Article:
Information technology is an extremely important part of health care reform efforts in the modern age. The benefits of developing a wide ranging and compatible system of electronic health records has been shown in several studies to dramatically reduce the cost of administration, which accounts for a large percentage of spending.
Chronic conditions are also proven to consume a large share of medical spending, especially now that many Baby Boomers are reaching retirement age where these conditions often surface.
These two topics come together in a study from Wednesday's Journal of the American Medical Association, involving 778 Group Health patients with uncontrolled high blood pressure who were given the opportunity to have online assistance in managing their condition.
Via Time Magazine:
Among the more than 700 patients in the study, 258 were put into a standard physician-care group, with regular office visits. The remainder were divided into two self-care groups: in the first, patients had access to their electronic medical records and were instructed to measure their own blood pressure two to three times each week; patients then sent the results to their physician, who recorded the readings in files the patients could review. In the other group, patients performed the same self-measurements, but were also provided access to a pharmacist who evaluated their readings and helped patients adjust medication dosages as necessary. At the end of a year, twice as many people in the home-care-only group lowered their blood pressure to under 140/90 mmHg (the clinical cut-off for high blood pressure), compared with the standard-care group. But the patients with access to a pharmacist saw the most dramatic decline in blood pressure — a nearly 28-point lower measurement in the top number, or systolic reading, compared with the traditionally treated group. "We were surprised that the Web-based model had such a good effect, especially in those with more difficult-to-control hypertension," says lead author Dr. Beverly Green. "These people were three times more likely to get their blood pressure under control with the help of the pharmacist than those in the standard-care group."This is big news. Not only does the study show that this approach is a step forward as far as effectiveness goes, but it also underscores the cost reduction that Internet technology can provide by reducing the costs incurred by multiple office visits. This is far from an instant cure-all, however; the "pay per visit" baseline of our health care system does not make this a profitable venture for care providers outside of Group-Health type plans. What it does do is pave the way more more innovative approaches as we evolve our idea of what truly American universal health care should be.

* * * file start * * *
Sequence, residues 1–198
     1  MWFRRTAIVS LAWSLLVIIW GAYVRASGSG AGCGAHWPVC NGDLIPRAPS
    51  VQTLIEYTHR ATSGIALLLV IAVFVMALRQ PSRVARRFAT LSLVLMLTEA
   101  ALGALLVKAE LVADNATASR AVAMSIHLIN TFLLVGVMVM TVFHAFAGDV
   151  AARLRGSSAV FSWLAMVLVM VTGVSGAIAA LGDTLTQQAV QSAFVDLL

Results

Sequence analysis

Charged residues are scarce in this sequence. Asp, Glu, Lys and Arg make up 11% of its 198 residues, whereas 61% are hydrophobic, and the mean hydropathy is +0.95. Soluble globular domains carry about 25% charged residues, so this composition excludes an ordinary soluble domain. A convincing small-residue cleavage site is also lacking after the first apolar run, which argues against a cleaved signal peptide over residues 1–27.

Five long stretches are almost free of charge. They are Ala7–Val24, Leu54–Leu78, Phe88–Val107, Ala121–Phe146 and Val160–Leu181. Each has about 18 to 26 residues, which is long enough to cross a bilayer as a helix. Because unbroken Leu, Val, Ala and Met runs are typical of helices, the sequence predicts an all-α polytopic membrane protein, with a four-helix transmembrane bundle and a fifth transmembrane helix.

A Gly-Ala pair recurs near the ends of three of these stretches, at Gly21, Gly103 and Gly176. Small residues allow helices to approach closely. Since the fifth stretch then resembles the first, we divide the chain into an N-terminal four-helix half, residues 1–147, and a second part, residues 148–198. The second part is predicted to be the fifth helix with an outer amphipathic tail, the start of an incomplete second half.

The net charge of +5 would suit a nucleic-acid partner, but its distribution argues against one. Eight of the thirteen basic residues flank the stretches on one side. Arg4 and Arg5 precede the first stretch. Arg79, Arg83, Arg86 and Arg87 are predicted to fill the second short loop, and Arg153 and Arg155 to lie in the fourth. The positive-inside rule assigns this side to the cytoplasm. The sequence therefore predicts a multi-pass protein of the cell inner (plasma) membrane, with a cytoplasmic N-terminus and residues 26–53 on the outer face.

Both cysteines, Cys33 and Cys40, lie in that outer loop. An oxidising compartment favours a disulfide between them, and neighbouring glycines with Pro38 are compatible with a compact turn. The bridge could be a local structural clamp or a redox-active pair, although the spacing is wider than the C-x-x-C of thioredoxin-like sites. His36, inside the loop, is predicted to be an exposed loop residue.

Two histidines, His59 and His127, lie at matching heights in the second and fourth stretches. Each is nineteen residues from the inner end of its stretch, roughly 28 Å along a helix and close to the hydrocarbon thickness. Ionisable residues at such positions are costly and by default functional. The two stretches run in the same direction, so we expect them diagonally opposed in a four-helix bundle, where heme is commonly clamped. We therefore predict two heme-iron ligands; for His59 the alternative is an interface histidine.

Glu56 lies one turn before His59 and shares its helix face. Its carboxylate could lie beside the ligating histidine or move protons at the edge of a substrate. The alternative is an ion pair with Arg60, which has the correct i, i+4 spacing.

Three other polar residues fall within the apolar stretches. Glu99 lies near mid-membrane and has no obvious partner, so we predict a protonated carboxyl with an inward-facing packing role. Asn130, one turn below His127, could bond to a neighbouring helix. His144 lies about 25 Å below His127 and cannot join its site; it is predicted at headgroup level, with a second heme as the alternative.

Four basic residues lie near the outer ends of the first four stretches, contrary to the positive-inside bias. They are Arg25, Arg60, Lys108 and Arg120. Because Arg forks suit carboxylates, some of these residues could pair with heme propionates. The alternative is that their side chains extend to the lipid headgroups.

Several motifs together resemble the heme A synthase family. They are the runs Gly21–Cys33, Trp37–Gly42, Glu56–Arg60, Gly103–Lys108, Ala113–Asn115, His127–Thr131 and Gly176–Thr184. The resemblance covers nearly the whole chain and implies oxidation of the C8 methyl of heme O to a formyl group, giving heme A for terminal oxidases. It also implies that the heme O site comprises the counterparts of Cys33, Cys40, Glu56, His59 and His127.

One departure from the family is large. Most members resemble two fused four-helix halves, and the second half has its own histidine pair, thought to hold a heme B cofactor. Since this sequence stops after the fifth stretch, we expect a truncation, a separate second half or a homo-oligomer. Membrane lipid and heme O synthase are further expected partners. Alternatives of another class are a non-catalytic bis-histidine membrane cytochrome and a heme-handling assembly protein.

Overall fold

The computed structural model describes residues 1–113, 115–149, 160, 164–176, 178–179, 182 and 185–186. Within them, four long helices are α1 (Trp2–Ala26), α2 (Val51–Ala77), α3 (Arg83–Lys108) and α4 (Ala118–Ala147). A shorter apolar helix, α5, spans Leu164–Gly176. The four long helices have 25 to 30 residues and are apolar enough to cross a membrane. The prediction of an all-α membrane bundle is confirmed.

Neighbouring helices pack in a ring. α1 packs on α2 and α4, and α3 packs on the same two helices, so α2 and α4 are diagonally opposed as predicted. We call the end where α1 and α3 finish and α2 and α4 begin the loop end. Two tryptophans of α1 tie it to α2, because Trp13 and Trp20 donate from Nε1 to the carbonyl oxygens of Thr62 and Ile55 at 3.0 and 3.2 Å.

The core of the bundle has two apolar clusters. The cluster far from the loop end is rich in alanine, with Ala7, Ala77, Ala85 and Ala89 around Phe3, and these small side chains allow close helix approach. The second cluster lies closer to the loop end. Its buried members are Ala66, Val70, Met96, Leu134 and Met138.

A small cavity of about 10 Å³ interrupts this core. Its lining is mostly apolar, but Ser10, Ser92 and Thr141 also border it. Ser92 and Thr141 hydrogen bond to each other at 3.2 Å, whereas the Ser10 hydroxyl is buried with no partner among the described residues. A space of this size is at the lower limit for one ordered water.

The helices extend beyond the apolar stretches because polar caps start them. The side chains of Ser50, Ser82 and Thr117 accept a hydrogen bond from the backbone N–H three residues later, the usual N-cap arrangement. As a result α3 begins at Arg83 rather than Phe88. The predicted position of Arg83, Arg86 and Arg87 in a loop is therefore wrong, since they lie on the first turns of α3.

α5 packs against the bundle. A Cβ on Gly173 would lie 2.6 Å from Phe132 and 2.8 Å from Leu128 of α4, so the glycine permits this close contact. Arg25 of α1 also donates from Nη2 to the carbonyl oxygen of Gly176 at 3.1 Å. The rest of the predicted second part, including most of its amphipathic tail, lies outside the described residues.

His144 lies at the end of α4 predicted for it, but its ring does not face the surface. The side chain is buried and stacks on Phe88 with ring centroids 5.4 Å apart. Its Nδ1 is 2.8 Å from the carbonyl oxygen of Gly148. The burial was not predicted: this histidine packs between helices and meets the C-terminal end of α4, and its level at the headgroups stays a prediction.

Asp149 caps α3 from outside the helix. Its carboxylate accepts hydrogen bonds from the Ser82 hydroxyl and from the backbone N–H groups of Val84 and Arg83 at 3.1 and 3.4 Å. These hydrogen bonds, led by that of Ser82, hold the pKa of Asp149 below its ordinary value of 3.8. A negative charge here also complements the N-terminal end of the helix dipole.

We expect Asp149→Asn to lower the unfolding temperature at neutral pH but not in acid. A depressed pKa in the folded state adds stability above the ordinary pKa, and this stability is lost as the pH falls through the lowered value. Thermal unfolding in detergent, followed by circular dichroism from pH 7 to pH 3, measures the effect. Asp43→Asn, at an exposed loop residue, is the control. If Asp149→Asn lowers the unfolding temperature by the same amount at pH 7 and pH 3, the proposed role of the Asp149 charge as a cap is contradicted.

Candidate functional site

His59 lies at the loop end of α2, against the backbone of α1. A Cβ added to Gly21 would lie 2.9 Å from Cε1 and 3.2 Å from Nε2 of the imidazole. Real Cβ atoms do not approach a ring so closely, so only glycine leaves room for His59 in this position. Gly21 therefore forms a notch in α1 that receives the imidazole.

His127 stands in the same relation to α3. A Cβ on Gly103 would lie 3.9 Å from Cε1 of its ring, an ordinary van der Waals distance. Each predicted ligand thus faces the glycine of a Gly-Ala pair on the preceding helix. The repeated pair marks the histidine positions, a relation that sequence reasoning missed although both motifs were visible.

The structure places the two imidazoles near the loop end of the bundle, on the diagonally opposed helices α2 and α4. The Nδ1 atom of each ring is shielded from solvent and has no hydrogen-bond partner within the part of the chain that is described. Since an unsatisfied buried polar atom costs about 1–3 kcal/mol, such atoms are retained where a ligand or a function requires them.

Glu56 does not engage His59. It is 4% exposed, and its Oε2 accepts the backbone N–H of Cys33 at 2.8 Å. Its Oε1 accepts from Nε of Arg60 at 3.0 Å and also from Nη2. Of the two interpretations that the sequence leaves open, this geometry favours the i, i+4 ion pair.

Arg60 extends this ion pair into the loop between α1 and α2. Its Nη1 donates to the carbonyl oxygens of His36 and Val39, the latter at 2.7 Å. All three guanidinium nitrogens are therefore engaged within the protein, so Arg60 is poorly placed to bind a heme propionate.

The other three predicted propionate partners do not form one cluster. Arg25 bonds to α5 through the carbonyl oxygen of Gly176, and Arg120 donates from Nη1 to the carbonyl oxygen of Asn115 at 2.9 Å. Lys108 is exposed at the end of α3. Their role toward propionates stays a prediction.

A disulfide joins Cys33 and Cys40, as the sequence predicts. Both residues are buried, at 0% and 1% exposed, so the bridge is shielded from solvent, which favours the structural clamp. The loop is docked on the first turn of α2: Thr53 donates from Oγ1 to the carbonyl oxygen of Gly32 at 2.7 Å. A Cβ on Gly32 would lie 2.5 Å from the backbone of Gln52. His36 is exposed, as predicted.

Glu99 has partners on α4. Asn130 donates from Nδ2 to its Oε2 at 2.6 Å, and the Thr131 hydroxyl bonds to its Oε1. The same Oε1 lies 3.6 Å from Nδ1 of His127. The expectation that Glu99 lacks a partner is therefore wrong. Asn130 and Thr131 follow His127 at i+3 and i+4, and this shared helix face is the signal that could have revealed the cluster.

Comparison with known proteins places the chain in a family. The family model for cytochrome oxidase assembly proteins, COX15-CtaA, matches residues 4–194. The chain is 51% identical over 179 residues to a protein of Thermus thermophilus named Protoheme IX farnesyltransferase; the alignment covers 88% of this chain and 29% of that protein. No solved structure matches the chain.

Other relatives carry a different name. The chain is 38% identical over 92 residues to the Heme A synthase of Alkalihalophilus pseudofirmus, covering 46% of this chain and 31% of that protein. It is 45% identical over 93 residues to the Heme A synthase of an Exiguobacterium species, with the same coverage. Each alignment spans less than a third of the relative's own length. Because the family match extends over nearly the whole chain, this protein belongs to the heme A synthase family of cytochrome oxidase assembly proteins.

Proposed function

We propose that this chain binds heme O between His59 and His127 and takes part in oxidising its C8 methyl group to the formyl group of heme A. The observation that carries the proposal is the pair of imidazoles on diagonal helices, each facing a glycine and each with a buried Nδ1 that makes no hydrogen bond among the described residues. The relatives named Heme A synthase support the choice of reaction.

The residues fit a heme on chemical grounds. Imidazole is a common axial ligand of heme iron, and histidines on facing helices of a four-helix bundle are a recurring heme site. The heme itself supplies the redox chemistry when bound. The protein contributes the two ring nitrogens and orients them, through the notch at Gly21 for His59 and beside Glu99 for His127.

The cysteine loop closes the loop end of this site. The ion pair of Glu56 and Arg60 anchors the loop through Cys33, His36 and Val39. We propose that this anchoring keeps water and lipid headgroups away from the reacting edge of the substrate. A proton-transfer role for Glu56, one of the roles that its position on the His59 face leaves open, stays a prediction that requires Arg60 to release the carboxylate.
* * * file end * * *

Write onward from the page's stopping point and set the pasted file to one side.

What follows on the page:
SOURCE: "Lowering Your Own Blood Pressure" 06/24/08
photo courtesy of skyfaller used under its Creative Commons license